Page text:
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PAX will be a 9-day, non-stop online event this year

There'll be none of this in 2020. (Image credit: PAX)
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PAX West, PAX Australia, and EGX have been cancelled as physical events this year, but the organizers behind them are pooling their energy to replace them with a nine-day online event that'll run 24-hours-a-day for the whole duration. They're calling it PAX Online (opens in new tab), and it'll run September 12 through 20. It'll be free, too.

But what is PAX if not a physical gaming convention where throngs of people visit booths, trade pins, and play board games? It's these things:

  • "Digital adaptations of the panels, concerts, and competitions" that make up a typical PAX, livestreaming non-stop for the duration of the event. Also esports.
  • Downloadable game demos.
  • An online merch store.
  • "Custom chat rooms, tournament-aggregation systems, and the means to find groups to game with all week long."

In other words, it's the internet, but more organized. It won't be the same as the Seattle gathering, but the upside is that those who've never experienced a PAX in person will have the opportunity to watch all of the the panels. And for people who would normally attend PAX West in person, it means there's a zero percent chance they'll end up eating at the Cheesecake Factory across the street from Seattle's convention center, and that's a blessing even if they don't know it.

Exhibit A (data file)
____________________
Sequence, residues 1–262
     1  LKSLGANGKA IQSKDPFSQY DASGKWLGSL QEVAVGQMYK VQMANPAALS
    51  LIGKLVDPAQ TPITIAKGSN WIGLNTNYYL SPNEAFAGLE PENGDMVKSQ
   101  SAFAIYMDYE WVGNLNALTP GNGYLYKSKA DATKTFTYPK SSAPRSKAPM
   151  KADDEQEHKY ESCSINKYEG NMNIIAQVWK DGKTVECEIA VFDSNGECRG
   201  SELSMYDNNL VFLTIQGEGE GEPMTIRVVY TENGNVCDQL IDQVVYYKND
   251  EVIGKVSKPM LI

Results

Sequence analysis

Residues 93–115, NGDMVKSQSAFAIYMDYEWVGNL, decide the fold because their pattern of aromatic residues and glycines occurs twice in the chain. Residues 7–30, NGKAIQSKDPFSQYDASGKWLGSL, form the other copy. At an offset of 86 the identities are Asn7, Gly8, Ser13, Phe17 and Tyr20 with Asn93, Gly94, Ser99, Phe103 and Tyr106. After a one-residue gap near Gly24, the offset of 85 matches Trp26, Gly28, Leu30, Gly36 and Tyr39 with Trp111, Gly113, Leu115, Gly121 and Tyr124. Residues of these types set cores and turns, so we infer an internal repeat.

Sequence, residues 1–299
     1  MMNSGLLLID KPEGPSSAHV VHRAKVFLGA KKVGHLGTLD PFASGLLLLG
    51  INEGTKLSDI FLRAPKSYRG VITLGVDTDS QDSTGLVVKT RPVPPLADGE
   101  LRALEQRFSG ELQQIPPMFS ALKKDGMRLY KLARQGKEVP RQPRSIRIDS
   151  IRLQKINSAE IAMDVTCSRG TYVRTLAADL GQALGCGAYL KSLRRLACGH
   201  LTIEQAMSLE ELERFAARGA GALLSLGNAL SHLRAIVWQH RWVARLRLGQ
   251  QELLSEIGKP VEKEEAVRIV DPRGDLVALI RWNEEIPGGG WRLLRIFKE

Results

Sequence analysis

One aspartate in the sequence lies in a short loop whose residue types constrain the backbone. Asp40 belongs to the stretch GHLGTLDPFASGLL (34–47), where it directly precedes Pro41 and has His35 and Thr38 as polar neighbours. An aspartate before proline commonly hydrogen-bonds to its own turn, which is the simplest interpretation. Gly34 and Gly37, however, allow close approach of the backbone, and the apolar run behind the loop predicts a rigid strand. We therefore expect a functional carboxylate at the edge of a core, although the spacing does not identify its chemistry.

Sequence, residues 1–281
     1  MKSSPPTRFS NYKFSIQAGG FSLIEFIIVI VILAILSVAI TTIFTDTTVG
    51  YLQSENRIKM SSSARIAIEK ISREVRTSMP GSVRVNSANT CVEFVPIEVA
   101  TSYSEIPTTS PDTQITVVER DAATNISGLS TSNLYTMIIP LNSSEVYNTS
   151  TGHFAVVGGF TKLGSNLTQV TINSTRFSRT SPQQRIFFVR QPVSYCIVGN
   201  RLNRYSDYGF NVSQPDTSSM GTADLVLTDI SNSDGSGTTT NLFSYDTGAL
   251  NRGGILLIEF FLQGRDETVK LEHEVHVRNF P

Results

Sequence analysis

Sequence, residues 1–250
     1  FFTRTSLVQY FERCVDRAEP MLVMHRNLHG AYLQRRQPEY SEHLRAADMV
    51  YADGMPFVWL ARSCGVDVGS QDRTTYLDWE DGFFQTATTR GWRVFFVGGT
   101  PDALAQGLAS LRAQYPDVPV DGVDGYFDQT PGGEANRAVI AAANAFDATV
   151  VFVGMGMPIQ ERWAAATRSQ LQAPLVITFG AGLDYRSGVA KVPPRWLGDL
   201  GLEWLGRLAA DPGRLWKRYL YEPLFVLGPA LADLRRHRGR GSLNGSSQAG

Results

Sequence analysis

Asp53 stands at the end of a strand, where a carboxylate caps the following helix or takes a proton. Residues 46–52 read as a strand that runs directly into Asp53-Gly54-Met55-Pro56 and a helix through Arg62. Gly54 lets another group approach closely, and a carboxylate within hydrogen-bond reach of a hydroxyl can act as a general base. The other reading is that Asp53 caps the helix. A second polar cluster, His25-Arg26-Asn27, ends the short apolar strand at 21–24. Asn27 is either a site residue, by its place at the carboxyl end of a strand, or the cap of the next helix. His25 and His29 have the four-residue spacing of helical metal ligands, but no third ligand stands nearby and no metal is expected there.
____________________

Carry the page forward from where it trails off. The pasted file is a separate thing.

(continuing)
The organizers didn't explain exactly how they're going to distribute game demos or run some of the social aspects of the event—there'll be more details "soon."

For now, people who want to run panels can submit their ideas, and the organizers are looking for indie devs and exhibitors who want to be a part of the show. Find out more on the official site (opens in new tab)

Tyler Wilde
Executive Editor

Tyler grew up in Silicon Valley alongside Apple and Microsoft, playing games like Zork and Arkanoid on the early personal computers his parents brought home. He was later captivated by Myst, SimCity, Civilization, Command & Conquer, Bushido Blade (yeah, he had Bleem!), and all the shooters they call "boomer shooters" now. In 2006, Tyler wrote his first professional review of a videogame: Super Dragon Ball Z for the PS2. He thought it was OK. In 2011, he joined PC Gamer, and today he's focused on the site's news coverage. After work, he practices boxing and adds to his 1,200 hours in Rocket League.